Beech forest after snow, Parque Nacional Torres del Paine, Chile

Parque Nacional Torres del Paine (Towers of Paine National Park), in Chile’s far southern Región XII, is justly deserving of its reputation for offering some of the finest tramping in the world. A week-long circuit of the spectacularly eroded granite massif at the centre of the Park takes trampers through a stunning range of forest, alpine, lake and glacial environments, together with an invigorating and very often tempestuous subantarctic climate.

The forest here, dominated by lenga (Nothofagus pumilio) and Ñirre (N. antarctica), has close relatives in New Zealand and Tasmania, clearly indicating that in times gone by these three quite far flung areas were once joined as a single land mass. The treeline in this more southern region, however, is considerably lower than in either New Zealand or Tasmania; lenga and ñirre forest here peters out altogether at an altitude of just 600 metres, and generally has a rather stunted form below this level.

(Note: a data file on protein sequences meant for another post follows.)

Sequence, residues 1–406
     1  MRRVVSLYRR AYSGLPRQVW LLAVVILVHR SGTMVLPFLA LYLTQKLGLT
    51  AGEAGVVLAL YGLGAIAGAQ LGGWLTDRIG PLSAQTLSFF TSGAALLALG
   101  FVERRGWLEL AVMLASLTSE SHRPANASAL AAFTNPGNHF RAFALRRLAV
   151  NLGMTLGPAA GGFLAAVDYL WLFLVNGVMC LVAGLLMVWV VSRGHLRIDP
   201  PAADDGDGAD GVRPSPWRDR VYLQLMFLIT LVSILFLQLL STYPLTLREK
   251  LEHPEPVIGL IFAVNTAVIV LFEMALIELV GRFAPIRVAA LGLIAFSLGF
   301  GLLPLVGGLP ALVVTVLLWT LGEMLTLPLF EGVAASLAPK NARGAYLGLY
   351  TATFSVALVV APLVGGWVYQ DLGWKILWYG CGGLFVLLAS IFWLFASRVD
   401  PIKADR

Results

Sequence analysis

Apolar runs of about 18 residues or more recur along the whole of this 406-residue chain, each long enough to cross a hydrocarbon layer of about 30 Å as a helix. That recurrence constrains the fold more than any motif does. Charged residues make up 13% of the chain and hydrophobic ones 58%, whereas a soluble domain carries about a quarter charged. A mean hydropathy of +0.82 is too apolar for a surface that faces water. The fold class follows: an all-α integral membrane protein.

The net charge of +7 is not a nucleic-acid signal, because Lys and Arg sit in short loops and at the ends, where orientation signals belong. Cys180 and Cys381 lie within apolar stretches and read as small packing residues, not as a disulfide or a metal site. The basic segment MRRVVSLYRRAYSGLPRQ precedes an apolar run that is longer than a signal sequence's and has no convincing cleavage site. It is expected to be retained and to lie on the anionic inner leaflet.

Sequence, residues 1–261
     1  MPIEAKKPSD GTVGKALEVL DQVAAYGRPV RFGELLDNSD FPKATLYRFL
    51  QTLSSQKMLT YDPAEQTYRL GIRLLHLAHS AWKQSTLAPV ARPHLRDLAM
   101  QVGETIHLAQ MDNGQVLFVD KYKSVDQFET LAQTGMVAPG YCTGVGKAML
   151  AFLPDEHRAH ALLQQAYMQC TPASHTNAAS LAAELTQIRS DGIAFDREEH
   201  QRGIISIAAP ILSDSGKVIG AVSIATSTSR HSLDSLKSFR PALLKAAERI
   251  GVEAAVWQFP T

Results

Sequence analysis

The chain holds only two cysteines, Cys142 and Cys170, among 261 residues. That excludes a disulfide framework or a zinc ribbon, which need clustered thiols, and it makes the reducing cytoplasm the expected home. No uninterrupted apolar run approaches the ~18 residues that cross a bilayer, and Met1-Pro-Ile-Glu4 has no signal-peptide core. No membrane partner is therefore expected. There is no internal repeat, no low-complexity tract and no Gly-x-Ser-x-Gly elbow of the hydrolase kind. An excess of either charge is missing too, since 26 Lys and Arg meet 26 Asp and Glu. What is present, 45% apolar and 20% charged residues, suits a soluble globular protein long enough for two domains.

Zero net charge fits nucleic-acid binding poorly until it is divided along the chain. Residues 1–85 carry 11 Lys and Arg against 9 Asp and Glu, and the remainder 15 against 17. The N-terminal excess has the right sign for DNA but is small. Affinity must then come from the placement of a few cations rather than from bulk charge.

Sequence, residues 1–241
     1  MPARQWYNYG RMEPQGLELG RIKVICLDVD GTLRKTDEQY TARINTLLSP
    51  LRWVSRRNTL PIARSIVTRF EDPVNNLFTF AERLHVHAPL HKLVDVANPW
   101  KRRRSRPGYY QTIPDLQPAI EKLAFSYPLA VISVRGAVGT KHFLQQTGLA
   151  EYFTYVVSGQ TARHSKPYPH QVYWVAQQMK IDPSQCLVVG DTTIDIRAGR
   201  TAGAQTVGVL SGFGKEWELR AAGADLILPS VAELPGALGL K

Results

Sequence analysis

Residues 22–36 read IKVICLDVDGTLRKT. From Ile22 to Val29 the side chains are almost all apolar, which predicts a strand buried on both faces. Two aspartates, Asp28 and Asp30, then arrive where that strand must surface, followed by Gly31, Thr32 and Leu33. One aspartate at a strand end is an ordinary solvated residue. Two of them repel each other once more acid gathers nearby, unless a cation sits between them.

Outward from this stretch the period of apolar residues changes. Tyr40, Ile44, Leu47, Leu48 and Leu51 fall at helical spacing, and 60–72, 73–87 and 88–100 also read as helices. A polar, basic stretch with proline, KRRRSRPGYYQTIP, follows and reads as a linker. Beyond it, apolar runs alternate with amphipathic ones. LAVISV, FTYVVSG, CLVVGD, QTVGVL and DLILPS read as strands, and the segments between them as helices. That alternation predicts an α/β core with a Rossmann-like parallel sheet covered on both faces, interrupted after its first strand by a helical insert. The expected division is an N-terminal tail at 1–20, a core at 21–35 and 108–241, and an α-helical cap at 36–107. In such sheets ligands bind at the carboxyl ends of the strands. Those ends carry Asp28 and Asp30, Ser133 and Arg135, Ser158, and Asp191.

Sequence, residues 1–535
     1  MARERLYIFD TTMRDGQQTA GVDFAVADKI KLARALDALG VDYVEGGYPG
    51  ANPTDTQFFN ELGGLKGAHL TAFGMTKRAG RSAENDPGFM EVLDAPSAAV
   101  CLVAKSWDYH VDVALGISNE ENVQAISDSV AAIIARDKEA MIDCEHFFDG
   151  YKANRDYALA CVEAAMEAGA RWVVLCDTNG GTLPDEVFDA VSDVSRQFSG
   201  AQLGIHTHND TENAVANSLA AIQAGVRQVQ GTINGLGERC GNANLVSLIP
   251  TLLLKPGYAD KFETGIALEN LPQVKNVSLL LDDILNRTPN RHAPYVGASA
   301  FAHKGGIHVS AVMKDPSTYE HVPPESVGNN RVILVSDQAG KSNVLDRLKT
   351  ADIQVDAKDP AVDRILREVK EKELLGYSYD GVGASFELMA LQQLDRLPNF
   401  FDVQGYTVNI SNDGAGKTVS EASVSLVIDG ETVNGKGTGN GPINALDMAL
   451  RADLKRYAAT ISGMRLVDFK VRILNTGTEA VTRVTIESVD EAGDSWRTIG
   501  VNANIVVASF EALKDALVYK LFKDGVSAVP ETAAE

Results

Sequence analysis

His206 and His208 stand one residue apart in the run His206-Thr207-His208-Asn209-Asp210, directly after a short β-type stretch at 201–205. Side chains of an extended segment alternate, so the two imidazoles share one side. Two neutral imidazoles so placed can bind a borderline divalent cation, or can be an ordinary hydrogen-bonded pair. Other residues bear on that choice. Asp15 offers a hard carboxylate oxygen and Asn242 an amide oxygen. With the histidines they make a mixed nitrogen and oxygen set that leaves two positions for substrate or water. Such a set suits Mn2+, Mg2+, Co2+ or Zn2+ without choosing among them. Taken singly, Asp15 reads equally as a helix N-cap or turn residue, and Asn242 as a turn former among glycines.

This photograph was taken near the treeline in the upper Valle los Perros, which rises towards 1200-metre Paso John Garner (John Garner Pass), the highest point on the Torres del Paine circuit. Fresh snow had fallen the previous night, and after a freezing start to the day I was well rewarded with this seemingly monochromatic landscape once I had climbed to the treeline a few hundred metres above where we had camped.

Beech forest after snow, Chile

Forest floor, Eglinton Valley

Swamp forest, Ship Creek

Beech forest, Fiordland

Ñirre in autumn, Argentina